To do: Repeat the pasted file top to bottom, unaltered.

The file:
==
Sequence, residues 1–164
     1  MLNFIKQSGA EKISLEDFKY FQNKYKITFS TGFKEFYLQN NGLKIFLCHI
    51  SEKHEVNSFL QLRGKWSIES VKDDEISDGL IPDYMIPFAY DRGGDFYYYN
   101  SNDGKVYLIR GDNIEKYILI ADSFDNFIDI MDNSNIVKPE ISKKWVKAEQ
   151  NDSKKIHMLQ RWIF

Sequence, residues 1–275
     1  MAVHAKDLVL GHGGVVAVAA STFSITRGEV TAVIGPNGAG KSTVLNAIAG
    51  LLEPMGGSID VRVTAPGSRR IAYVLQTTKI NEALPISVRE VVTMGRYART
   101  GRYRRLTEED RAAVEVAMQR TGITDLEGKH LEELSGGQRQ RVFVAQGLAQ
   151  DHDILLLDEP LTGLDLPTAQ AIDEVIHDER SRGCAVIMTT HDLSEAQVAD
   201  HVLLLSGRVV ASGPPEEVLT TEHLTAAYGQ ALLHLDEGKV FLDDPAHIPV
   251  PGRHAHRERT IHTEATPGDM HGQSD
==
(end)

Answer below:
Sequence, residues 1–164
     1  MLNFIKQSGA EKISLEDFKY FQNKYKITFS TGFKEFYLQN NGLKIFLCHI
    51  SEKHEVNSFL QLRGKWSIES VKDDEISDGL IPDYMIPFAY DRGGDFYYYN
   101  SNDGKVYLIR GDNIEKYILI ADSFDNFIDI MDNSNIVKPE ISKKWVKAEQ
   151  NDSKKIHMLQ RWIF

Sequence, residues 1–275
     1  MAVHAKDLVL GHGGVVAVAA STFSITRGEV TAVIGPNGAG KSTVLNAIAG
    51  LLEPMGGSID VRVTAPGSRR IAYVLQTTKI NEALPISVRE VVTMGRYART
   101  GRYRRLTEED RAAVEVAMQR TGITDLEGKH LEELSGGQRQ RVFVAQGLAQ
   151  DHDILLLDEP LTGLDLPTAQ AIDEVIHDER SRGCAVIMTT HDLSEAQVAD
   201  HVLLLSGRVV ASGPPEEVLT TEHLTAAYGQ ALLHLDEGKV FLDDPAHIPV
   251  PGRHAHRERT IHTEATPGDM HGQSD